I have proof from an expert that the iPhone interface really is better. Who's the expert? My 3-year-old son.
Over the years, I've seen countless newbies struggle to use the latest gadget, computer, or software. I like new technology, but it's been work hauling myself up learning curves.
But I'm convinced that after years stuck with only modest tweaks to the WIMP interface--windows, icons, menus, pointing device--real change is upon us. That's chiefly because the pointing devices now can be your own fingers.
Within moments of his first crack at an iPhone, my son, Levi, had figured out how to flip from one photo to another by flicking his finger across the screen. He understood with no coaching how to steer the simulated steel ball around the holes in the Labyrinth game by tilting the phone. He loves to type nonsense words on the notepad application using the virtual keyboard, deleting them once they've been read. In the three months since I got the iPhone 3G, Levi has learned to take photos, browse them, change the phone's wallpaper, and, unfortunately, turn off Wi-Fi and switch on airplane mode.
My proudest moment came when Levi issued his first tweet, borrowing my account: "Eesfrrgjlphdvlksxnjjktwsdvnjmmkbvvnn." Though it was largely a matter of chance, of course, he could do it because he likes the cute bluebird icon of the Twitterific application, and touching it with his finger triggers entertaining interactions.
And I was intrigued when Levi tried unsuccessfully to use the phone's accelerometer to play JellyCar, trying to spur the car by tipping the iPhone so the car would "roll" downhill faster. Note to JellyCar developers: your user interface needs work.
As a parent, of course, it's tempting to assume that Levi's accomplishments are the result of his astounding intelligence. But of course much of the credit has to go to Apple and others who've advanced the state of the interface art.
"Human beings are a lot more programmed to manipulate things with our hands and fingers," said Dan Saffer, a founder of Kicker Studio and author of Designing Gestural Interfaces. "I was at a party with a Microsoft Surface table. There was an infant playing with it, not even a year old, pushing photos around and squealing. It's amazing how much it makes sophisticated computing power accessible to a hugely wide segment of the population."
Keyboards and mice aren't being replaced--they offer speed and precision for typing words, entering data, navigating documents, and issuing commands. But they are becoming just one of a host of mechanisms.
Touch screens, available on some Hewlett-Packard computers, are a big part of the revolution, letting people interact more directly rather than relying on a mouse, joystick, or other indirect pointing device. Multitouch sensors, which can detect multiple fingers simultaneously, add more sophistication, such as the ability to shrink a photo by making a pinching gesture on a trackpad. Newer Apple laptops offer more extensive use of multitouch, though at this stage only through the trackpad rather than a touch screen.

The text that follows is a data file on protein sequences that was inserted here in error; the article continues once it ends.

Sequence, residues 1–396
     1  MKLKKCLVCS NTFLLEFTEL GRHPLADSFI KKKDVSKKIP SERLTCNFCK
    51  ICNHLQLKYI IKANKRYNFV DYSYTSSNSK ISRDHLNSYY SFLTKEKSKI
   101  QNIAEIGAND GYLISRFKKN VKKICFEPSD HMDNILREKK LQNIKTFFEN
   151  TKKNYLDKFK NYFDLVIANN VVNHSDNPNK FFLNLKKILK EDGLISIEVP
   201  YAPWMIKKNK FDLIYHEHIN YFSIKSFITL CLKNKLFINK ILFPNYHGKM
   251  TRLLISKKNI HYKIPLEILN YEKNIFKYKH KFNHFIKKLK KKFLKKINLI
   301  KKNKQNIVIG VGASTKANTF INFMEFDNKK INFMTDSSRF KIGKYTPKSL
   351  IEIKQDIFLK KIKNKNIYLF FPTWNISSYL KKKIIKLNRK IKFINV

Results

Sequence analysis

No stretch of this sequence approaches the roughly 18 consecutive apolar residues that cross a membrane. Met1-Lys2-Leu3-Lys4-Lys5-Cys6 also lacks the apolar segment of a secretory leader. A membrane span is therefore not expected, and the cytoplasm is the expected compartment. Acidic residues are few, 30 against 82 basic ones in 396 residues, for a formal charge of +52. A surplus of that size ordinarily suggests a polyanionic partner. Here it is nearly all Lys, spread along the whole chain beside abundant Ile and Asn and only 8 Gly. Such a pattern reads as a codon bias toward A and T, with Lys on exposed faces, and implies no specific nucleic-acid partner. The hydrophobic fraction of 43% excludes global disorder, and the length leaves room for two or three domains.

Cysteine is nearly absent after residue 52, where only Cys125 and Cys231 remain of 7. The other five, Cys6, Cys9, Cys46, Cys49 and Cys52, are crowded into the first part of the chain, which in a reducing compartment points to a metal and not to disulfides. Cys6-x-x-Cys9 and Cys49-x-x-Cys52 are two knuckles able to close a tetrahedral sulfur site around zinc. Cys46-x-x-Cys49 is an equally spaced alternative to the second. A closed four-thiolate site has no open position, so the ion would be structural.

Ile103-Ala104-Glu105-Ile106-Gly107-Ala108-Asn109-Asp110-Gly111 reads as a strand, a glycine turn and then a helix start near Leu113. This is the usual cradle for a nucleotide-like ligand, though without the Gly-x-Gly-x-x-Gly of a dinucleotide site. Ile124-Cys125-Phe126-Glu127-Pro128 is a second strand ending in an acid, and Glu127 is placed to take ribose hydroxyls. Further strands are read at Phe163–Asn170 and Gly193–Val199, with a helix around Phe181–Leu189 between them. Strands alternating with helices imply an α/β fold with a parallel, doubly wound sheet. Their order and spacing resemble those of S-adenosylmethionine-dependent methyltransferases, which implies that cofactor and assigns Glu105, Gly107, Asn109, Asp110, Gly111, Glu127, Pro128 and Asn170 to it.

Computing devices also are getting ears and eyes. Speech recognition is available in rough form to power phone search on various phones with services from Yahoo, Google, Microsoft, and Vlingo. FluidTunes lets you control your iTunes library by waving your hands in front of a Mac's video camera.
Intuitive, physical interfaces aren't just for kids. I was stunned to see my technophobic mother-in-law gleefully bowling with a Wii last year. Sure, she couldn't have installed Nintendo's still-popular gaming device if we'd paid her, but using it was as easy as tossing a pebble in a pond.
"There are Wii bowling tournaments now for elders. It takes a sport they love, but there's no weight of the ball anymore. They can play it in a wheelchair. It's a huge hit at nursing homes," Saffer said.
It's not just that devices are easier to use when you can touch the interface, he said. It's that it's easier to learn by watching others use them.
"One interesting thing about touch screens is there's this whole realm of observation you don't have with standard computer setups, where the icons are smaller, and it's hard to tell what people are doing by watching," he said. "You can learn how to use an iPhone by watching people flip through it for a second. You can get it in a way you can't with a standard phone, where you're watching people push buttons to get through menus."
Of course, immersion helps, too. Levi's parents spend altogether too much time punching at keyboards and staring at screens, so he's got plenty of examples to emulate his elders. As a camera buff, I'm delighted when Levi pretends to take pictures--he made a toy camera out of Lego once.
But I vacillate between pleasure that he's learning how to use technology and fear that he'll grow up ignorant of the non-electronic world. I'm prone to inordinate "screen time," a term heavily freighted with negative baggage in our household, and Levi's childhood will be far more digitally immersed than mine.
And perhaps worse, there's the prospect of losing my status as resident guru. There are plenty of more technically proficient people in my orbit, but none of them live in my house, and Levi doesn't ask any of them to read his typed nonsense words.
Most families come to some sort of reckoning when their son beats their dad in basketball. Ours will come when my wife asks Levi for technical support.